FourierInformation Duality in the Identity Management Problem
"... Abstract. We compare two recently proposed approaches for representing probability distributions over the space of permutations in the context of multitarget tracking. We show that these two representations, the Fourier approximation and the information form approximation can both be viewed as low ..."
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Cited by 1 (0 self)
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Abstract. We compare two recently proposed approaches for representing probability distributions over the space of permutations in the context of multitarget tracking. We show that these two representations, the Fourier approximation and the information form approximation can both be viewed as low dimensional projections of a true distribution, but with respect to different metrics. We identify the strengths and weaknesses of each approximation, and propose an algorithm for converting between the two forms, allowing for a hybrid approach that draws on the strengths of both representations. We show experimental evidence that there are situations where hybrid algorithms are favorable. 1
Applied Sciences Harvard University
"... We propose a general framework for the design of securities markets over combinatorial or infinite state or outcome spaces. The framework enables the design of computationally efficient markets tailored to an arbitrary, yet relatively small, space of securities with bounded payoff. We prove that any ..."
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We propose a general framework for the design of securities markets over combinatorial or infinite state or outcome spaces. The framework enables the design of computationally efficient markets tailored to an arbitrary, yet relatively small, space of securities with bounded payoff. We prove that any market satisfying a set of intuitive conditions must price securities via a convex cost function, which is constructed via conjugate duality. Rather than deal with an exponentially large or infinite outcome space directly, our framework only requires optimization over a convex hull. By reducing the problem of automated market making to convex optimization, where many efficient algorithms exist, we arrive at a range of new polynomialtime pricing mechanisms for various problems. We demonstrate the advantages of this framework with the design of some particular markets. We also show that by relaxing the convex hull we can gain computational tractability without compromising the market institution’s bounded budget.
Proceedings Article Cost Function Market Makers for Measurable Spaces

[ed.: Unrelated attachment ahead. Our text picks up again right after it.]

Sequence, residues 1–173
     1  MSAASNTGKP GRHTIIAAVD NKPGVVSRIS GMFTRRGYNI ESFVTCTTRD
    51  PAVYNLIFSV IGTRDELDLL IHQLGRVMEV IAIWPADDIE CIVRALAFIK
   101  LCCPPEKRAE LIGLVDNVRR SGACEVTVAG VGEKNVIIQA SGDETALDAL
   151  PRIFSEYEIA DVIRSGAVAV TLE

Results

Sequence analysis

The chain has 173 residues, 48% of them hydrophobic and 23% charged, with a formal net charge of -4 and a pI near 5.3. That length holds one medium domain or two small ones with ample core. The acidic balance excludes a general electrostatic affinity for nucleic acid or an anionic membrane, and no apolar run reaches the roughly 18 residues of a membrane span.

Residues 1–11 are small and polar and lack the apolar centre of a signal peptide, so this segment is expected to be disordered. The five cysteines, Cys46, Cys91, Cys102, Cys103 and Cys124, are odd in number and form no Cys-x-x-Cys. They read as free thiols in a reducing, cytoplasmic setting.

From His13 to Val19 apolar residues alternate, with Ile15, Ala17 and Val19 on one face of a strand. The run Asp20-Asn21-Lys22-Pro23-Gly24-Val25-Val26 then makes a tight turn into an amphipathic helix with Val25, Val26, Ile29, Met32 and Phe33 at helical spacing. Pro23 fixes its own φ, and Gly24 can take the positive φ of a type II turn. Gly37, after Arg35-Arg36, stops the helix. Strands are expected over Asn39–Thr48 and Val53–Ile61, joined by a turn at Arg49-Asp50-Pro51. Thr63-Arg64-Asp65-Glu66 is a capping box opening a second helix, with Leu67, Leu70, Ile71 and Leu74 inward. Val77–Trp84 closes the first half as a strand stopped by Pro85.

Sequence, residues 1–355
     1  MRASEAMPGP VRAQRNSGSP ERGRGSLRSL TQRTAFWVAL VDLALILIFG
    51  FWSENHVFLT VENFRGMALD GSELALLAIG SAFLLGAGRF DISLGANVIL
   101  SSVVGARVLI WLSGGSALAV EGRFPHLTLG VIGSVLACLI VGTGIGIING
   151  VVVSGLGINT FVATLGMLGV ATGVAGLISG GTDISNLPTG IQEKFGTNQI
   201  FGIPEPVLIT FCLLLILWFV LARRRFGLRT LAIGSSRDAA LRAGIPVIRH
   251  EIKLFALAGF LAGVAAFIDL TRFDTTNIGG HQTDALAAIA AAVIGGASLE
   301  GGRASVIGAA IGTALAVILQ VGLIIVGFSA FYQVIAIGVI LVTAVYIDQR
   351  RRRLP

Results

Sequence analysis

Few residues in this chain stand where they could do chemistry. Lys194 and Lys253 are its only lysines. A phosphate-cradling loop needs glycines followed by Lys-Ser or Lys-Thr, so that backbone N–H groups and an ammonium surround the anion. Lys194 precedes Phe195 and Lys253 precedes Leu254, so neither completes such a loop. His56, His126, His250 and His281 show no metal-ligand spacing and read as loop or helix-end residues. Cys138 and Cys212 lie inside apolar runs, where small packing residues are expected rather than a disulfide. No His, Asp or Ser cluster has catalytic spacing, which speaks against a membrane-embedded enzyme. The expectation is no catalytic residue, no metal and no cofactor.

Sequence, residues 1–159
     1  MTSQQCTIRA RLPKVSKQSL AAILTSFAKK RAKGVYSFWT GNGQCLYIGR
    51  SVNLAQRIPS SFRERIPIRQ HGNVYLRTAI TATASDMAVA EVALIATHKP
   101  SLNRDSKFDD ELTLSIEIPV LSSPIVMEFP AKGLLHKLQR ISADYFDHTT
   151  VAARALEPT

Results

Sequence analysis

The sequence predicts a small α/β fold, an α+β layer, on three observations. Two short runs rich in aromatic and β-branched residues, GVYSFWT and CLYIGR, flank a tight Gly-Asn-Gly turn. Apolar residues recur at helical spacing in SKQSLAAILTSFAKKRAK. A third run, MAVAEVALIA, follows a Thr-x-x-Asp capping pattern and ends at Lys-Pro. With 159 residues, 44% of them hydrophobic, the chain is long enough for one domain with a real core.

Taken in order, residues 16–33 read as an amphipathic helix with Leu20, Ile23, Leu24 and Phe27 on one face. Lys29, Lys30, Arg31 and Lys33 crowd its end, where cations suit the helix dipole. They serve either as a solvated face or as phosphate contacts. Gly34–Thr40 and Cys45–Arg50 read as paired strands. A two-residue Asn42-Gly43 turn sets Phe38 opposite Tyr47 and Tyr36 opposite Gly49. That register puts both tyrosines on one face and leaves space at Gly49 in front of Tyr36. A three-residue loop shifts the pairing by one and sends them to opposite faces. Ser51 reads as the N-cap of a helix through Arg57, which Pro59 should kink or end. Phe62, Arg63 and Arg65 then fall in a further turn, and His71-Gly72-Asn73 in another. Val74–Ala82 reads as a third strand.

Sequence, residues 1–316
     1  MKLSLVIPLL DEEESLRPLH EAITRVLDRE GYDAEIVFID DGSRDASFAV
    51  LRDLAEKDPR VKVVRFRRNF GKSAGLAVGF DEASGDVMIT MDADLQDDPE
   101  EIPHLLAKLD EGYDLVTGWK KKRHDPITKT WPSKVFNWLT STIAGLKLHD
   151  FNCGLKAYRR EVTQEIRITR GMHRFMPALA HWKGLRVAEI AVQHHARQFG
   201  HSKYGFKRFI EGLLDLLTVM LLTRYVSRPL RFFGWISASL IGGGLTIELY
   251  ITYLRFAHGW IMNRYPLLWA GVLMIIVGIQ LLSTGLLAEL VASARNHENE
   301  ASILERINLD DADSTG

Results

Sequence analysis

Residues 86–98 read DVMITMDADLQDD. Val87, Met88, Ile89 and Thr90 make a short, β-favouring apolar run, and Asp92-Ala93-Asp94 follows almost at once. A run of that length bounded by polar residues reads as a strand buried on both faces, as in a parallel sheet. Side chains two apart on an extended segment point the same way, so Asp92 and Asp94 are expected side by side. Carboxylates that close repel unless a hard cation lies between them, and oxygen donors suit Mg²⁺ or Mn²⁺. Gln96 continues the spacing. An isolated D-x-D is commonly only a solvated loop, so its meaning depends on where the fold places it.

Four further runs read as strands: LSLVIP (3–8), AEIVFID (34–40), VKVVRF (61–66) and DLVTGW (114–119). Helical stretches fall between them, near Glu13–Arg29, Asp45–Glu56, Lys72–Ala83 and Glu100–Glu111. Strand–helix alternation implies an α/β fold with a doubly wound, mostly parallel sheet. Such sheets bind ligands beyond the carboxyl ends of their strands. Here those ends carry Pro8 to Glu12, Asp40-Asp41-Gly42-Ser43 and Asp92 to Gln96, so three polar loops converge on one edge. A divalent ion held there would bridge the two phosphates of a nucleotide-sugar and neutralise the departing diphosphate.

"... We characterize cost function market makers designed to elicit traders ’ beliefs about the expectations of an infinite set of random variables or the full distribution of a continuous random variable. This characterization is derived from a duality perspective that associates the market maker’s liab ..."
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We characterize cost function market makers designed to elicit traders ’ beliefs about the expectations of an infinite set of random variables or the full distribution of a continuous random variable. This characterization is derived from a duality perspective that associates the market maker’s liabilities with market beliefs, generalizing the framework of Abernethy et al. [2011, 2013], but relies on a new subdifferential analysis. It differs from prior approaches in that it allows arbitrary market beliefs, not just those that admit density functions. This allows us to overcome the impossibility results of Gao and Chen [2010] and design the first automated market maker for betting on the realization of a continuous random variable taking values in [0, 1] that has bounded loss without resorting to discretization. Additionally, we show that scoring rules are derived from the same duality and share a close connection with cost functions for eliciting beliefs.
Advances in Ranking
"... Ranking problems are increasingly recognized as a new class of statistical learning problems that are distinct from the classical learning problems of classification and regression. Such problems arise in a wide variety of domains, such as information retrieval, natural language processing, collabor ..."
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Ranking problems are increasingly recognized as a new class of statistical learning problems that are distinct from the classical learning problems of classification and regression. Such problems arise in a wide variety of domains, such as information retrieval, natural language processing, collaborative filtering, and computational biology. Consequently, there has been increasing interest in ranking in recent years, with a variety of methods being developed and a whole host of new applications being discovered. This workshop brings together researchers interested in the area to share their perspectives, identify persisting challenges as well as opportunities for meaningful dialogue and collaboration, and to discuss possible directions for further advances and applications in the future. The workshop web site is: